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Most Loved in All the World
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Most Loved in All the World

4.18 of 5 stars 4.18  ·  rating details  ·  84 ratings  ·  32 reviews
An authentic and powerful account of slavery and how a handmade quilt helps a little girl leave home for freedom.

With a poet's keen ear, Tonya Hegamin tells the account of a little girl whose mother is a secret agent on the Underground Railroad. Before sending her daughter north to freedom, the mother sews a quilt for her daughter, not only to guide her with its symbols of
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Hardcover, 40 pages
Published January 12th 2009 by HMH Books for Young Readers (first published December 20th 2008)
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Julie Fischer
Tonya Cherie Hegamin story of a mother who loves her child enough to send her away with a group of other slaves. She has stitched with her bloodied has late into the night a quilt that will guide these runaways to their freedom. This is such a touching story that which is difficult to understand for those of us who can hang on to our children in our home where they are free. Cozbi A. Cabrera's gorgeous illustration are as beautiful as the words. As a little girl I lived in a safe house. I often ...more
Adriel
This is the saddest children's book ever. It is the story of a girl who's mother is a field slave and who is sent by the mother onto the underground railroad with a handmade quilt to help guide her way and to remember that her mother loved her. I cried. In context is is a fascinating book of love told to children who's parents cannot care for them, giving them hope that the parents wanted better for their children then what they had to offer. The quilt pieces and dark, rich illustrations lend to ...more
babyhippoface
A little girl tells the story of her life with her mother, a slave who works the fields and who is sewing a freedom quilt for her daughter. As the mother pieces the quilt, she repeatedly reminds her daughter of the meaning of each item pictured: a log cabin, which represents safety, a star to guide, a tree with moss growing on a certain side, a happy little girl surrounded by a tattered red heart, her mother's love. Then she wraps her daughter in the quilt and sends her to freedom with a group o ...more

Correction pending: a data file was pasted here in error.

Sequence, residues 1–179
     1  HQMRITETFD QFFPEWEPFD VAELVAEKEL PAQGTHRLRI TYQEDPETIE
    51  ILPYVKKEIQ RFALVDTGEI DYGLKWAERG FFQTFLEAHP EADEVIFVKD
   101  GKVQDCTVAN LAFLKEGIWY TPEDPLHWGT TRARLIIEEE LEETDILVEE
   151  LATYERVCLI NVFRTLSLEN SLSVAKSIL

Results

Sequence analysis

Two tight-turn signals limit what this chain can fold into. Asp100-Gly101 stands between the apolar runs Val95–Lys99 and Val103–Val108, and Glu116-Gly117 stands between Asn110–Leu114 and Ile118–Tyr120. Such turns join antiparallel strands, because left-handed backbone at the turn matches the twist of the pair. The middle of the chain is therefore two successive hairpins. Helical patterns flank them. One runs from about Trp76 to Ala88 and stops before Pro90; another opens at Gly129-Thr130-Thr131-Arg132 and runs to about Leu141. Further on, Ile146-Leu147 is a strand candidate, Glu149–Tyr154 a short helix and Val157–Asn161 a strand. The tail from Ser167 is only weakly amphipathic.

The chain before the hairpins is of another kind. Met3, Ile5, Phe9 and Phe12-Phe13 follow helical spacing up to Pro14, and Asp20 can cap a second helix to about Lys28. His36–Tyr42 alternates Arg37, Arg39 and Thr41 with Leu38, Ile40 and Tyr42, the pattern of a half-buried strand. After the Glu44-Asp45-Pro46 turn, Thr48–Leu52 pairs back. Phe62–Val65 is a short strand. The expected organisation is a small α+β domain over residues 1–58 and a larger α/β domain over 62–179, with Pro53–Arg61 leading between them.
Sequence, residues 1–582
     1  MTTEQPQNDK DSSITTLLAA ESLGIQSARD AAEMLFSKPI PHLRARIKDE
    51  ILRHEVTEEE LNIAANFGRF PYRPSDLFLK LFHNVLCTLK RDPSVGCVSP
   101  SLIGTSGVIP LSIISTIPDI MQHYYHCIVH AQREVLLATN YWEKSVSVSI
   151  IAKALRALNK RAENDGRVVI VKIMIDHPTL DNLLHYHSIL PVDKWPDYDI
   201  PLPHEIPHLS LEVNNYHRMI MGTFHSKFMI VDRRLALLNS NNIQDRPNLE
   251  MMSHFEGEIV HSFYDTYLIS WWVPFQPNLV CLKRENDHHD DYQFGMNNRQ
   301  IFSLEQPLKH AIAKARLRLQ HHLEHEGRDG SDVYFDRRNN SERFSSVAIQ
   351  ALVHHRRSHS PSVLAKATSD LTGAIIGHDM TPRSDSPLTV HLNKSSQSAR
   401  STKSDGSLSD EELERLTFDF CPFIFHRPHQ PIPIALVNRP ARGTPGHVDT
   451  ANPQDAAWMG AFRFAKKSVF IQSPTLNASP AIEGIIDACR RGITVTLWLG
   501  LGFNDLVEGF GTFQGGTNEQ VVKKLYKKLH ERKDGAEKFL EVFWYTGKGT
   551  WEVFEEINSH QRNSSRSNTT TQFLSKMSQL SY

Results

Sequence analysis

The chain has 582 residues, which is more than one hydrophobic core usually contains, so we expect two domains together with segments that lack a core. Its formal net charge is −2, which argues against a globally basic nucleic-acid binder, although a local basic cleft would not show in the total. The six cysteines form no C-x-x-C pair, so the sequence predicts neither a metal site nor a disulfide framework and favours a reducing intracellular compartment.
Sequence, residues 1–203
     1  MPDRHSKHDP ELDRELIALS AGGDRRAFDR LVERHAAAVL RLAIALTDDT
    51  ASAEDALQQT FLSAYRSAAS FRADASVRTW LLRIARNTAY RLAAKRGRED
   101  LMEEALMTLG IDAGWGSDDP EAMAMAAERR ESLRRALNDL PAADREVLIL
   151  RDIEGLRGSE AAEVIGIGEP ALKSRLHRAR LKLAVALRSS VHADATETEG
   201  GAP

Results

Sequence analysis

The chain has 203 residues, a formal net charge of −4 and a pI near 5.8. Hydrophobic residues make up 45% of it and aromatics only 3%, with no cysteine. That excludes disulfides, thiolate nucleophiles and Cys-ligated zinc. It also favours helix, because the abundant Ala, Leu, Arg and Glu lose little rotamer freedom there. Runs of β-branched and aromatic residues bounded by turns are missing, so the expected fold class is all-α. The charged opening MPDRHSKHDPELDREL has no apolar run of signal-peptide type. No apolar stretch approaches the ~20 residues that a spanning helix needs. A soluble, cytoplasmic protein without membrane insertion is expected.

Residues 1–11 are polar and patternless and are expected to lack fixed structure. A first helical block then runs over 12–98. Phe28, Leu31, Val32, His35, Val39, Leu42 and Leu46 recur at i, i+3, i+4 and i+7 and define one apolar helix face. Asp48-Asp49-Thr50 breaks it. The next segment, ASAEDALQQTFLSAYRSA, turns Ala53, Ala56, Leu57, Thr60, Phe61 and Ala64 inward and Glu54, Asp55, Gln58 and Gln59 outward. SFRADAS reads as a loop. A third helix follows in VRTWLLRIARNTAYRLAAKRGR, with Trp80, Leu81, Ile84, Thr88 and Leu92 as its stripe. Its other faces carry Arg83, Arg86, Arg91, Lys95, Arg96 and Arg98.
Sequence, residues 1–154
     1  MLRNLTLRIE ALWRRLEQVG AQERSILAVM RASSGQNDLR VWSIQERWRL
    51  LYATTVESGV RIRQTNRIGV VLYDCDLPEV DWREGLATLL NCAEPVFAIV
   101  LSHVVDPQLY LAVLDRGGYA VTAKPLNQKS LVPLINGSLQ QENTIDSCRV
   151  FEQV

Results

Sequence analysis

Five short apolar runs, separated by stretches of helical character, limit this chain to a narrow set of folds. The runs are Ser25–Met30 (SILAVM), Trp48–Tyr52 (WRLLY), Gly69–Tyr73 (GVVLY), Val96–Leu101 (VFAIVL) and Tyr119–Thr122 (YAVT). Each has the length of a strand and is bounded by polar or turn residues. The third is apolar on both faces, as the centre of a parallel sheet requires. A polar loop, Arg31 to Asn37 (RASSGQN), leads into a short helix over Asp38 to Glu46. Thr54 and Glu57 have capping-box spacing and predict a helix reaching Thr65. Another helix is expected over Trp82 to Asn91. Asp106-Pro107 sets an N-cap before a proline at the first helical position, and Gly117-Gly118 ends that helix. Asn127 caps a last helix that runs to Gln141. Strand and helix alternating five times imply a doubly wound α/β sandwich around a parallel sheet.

Becky Birtha
Of the mother in Most Loved in All the World, author Tonya Cherie Hegamin writes, in the end note, "When I wrote this story, I envisioned a woman, a spy and secret agent on the Underground Railroad, a woman who valued freedom so much that she would desire her child's more than her own." In spare lines of unrhymed poetry, this painful story of love and separation, a theme all too familiar to our enslaved African-American ancestors, is told in first person from the child's point of view. The paint ...more
Elfdart
this was such a good story. i just flipped through it with the intention of putting it down, but it was really touching. it is a story about a girl and her mother, both of which are slaves at the time of the black slave trade, and the story is told through the eyes of the girl, who is very young and doesnt really grasp the reality of the situation. she just knows that her mother works hard in the fields and that she helps her by rubbing some salve in them at night. her mother makes quilt patche ...more
Lea
This book has a powerful message of love. It paints a picture of slave life for a mother sending her child to freedom and the symbolism of the quilt.